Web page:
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ROBERT SIEGEL, host:

From NPR News, this is ALL THINGS CONSIDERED. I'm Robert Siegel.

MELISSA BLOCK, host:

And I'm Melissa Block.

Today, President Bush tried to put to rest speculation that his administration is losing confidence in Iraqi Prime Minister Nouri al-Maliki. Speaking to the Veterans of Foreign Wars Convention in Kansas, City, the president said, without qualification, that Maliki has his backing. Those remarks follow a much more tepid endorsement of the Iraqi government by Mr. Bush yesterday. The main purpose of the speech to the VFW today was to lay out a case for continuing the mission in Iraq by comparing it to past U.S. wars specifically those fought in Asia.

NPR's Don Gonyea reports from Kansas City.

DON GONYEA: This speech today wasn't supposed to be about Prime Minister Maliki, but the president felt compelled to say this about the Iraqi leader.

President GEORGE W. BUSH: Prime Minister Maliki is a good guy, a good man with a difficult job and I support him. And it's not up to the politicians in Washington, D.C. to say whether he will remain in his position.

GONYEA: Such a statement was made necessary because of something the president said or rather didn't say yesterday at a summit in Canada. He was asked about criticism of Maliki and in answering stopped short of an endorsement, and the White House was not pleased with news reports portraying him as distancing himself from Maliki.

As for the rest of the today's speech, Mr. Bush again turned to history for support.

Pres. BUSH: Many times in the decades that followed World War II, American policy in Asia was dismissed as hopeless and naive. And when we listen to the criticism of the difficult work that our generation is undertaking in the Middle East today, we can hear the echoes of the same arguments made about the Far East years ago.

GONYEA: The president asked if that sounded familiar, then he said he wasn't talking about September 2001, but of Pearl Harbor in World War II. And he said there were criticisms after that war of U.S. efforts to turn a defeated Japan into a close democratic ally.

Pres. BUSH: Many times in the decades that followed World War II, American policy in Asia was dismissed as hopeless and naive. And when we listen to the criticism of the difficult work that our generation is undertaking in the Middle East today, we can hear the echoes of the same arguments made about the Far East years ago.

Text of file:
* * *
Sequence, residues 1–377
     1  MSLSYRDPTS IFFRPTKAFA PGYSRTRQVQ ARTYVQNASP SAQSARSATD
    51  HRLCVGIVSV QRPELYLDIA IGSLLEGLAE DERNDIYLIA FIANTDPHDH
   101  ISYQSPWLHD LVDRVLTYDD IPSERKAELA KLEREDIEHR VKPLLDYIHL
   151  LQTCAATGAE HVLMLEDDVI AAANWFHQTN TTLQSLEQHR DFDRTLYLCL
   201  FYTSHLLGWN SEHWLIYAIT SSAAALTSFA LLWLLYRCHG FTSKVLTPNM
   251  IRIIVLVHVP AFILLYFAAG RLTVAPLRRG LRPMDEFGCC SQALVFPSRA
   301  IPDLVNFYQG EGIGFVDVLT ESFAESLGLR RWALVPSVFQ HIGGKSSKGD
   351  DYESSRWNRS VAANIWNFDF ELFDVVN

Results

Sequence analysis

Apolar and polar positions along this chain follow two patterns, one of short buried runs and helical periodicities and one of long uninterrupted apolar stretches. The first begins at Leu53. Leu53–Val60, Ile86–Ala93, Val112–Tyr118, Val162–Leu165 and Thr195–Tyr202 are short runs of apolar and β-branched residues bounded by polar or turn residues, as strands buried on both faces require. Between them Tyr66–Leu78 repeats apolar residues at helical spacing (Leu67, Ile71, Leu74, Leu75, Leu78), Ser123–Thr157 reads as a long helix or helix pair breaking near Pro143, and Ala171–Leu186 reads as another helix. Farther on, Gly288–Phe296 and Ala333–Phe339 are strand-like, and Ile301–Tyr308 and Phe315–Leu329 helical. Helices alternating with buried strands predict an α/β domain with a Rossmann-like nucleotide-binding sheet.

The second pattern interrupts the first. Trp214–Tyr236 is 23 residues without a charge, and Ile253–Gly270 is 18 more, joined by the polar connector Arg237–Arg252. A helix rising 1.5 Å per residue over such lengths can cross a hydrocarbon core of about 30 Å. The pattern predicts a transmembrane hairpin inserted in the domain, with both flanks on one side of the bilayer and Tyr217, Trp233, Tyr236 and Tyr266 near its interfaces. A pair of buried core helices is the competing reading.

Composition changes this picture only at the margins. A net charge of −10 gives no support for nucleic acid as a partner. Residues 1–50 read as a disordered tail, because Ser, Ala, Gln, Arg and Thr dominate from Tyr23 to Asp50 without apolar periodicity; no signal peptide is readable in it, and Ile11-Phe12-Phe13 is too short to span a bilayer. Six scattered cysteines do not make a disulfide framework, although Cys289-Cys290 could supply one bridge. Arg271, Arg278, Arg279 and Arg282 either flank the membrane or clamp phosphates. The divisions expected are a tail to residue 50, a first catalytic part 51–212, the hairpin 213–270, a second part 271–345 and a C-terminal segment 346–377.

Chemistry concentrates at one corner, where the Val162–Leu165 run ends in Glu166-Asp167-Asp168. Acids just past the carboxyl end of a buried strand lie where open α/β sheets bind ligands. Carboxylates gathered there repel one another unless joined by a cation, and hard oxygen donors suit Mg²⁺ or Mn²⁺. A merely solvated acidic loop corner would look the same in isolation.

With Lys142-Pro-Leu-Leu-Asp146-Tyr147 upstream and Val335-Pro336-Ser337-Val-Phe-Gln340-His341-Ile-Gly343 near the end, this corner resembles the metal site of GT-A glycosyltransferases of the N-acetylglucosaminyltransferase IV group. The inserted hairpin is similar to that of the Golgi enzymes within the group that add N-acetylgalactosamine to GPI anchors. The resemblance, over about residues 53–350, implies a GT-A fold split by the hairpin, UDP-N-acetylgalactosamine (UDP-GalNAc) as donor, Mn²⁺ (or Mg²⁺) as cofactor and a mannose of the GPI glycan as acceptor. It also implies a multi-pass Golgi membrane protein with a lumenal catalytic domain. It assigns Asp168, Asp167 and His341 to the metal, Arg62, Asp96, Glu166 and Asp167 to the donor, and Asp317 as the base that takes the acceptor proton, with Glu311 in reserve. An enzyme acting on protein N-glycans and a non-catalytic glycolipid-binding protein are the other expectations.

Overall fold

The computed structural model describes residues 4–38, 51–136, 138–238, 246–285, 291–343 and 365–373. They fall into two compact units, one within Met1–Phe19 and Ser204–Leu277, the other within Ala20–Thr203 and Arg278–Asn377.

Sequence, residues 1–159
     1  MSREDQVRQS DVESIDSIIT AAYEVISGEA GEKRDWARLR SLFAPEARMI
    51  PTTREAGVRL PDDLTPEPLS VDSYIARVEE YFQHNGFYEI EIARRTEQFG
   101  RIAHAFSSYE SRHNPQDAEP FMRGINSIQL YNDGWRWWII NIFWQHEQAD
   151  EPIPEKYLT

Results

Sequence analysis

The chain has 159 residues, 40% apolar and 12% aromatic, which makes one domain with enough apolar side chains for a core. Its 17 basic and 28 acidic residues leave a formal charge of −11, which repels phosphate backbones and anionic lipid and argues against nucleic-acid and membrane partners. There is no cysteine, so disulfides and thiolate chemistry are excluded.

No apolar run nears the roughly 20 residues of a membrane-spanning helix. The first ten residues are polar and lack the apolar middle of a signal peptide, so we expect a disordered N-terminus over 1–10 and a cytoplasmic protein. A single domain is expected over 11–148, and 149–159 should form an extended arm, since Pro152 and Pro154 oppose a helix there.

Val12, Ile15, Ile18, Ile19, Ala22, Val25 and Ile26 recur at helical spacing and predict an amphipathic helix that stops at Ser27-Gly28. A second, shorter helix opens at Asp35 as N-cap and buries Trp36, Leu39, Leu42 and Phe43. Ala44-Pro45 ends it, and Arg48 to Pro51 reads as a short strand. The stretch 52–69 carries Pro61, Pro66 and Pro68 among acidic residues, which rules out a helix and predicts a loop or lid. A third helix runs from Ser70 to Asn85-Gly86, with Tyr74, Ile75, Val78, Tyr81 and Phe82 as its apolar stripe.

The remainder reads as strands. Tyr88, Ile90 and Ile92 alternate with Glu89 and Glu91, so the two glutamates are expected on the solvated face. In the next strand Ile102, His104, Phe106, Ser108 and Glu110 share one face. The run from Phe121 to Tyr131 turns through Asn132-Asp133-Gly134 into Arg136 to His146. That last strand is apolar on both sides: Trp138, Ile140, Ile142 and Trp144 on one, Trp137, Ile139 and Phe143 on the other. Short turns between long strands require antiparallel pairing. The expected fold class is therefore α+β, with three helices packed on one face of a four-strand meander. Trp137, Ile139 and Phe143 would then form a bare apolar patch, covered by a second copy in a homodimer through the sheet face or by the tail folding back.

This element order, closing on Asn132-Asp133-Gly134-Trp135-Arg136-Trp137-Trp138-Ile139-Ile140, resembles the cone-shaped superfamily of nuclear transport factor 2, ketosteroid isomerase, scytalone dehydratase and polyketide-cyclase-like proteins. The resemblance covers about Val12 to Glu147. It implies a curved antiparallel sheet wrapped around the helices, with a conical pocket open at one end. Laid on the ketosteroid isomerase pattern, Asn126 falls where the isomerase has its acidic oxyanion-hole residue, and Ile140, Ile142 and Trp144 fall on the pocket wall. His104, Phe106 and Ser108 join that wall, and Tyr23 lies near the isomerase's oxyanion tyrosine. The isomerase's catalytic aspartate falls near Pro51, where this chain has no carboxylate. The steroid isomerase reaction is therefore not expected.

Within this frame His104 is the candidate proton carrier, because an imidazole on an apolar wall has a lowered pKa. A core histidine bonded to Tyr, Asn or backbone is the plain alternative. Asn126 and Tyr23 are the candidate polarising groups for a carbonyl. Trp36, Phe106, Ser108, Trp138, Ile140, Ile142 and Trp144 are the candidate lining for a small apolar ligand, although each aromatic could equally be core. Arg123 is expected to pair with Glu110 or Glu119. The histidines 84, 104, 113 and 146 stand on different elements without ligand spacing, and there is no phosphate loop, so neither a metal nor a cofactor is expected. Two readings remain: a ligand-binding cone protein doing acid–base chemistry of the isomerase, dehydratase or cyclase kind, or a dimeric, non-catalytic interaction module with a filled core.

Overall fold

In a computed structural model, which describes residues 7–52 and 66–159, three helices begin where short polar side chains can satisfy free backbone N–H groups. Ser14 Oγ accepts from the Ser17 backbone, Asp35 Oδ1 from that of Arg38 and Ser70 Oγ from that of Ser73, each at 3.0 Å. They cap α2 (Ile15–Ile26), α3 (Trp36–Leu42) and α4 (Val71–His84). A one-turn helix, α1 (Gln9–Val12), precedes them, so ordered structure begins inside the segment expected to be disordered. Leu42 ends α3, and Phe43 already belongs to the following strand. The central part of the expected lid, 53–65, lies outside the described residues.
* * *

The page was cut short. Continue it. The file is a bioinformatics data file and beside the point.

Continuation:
GONYEA: He also spoke today of how the U.S. honored its commitments in Korea. And he touched on the other big U.S. war in Asia, Vietnam. Now the Vietnam comparison to Iraq is one that this president has always rejected. But today, he focused on the consequences of the U.S. withdrawal from Iraq by looking at the years following the end of the Vietnam War.

Pres. BUSH: Whatever your position is on that debate, one unmistakable legacy of Vietnam is that the price of America's withdrawal was paid by millions of innocent citizens whose agonies would add to our vocabulary new terms like boat people, re-education camps, and killing fields.

GONYEA: The president's audience today was welcoming. Even so, opinions about Iraq and his comparison to earlier wars were mixed. Fifty-seven-year-old Jimmy Keithly(ph) of Texas, served in the Air Force in Vietnam. He supports the president.

Mr. JIMMY KEITHLY (Vietnam War Veteran): I truly believe in it myself. I mean, coming from Vietnam like we did, you know, and the way we got through it and we come home. I think once we get over there, we just do the job before we bring anybody back. You know, I mean, we keep them over there and run them - the enemy out, because otherwise we're going to be - end up just like Vietnam.

GONYEA: But Korean War veteran, 72-year-old Manny Almida(ph) from New Jersey says he can't support the arguments the president is making.

Mr. MANNY ALMIDA (Korean War Veteran): The Middle East is not Japan. It's not Korea. It's not Europe. It's a different situation, in my opinion. I hope the boys come home.

GONYEA: And that kind of skepticism coming even from a veteran is what the president has struggled to overcome. Mr. Bush will continue to make his case in advance of the much-anticipated Iraq progress report by General David Petraeus to Congress next month. And the president will deliver another Iraq speech next week to another veterans' group, the American Legion in Nevada.

Don Gonyea, NPR News, Kansas City.

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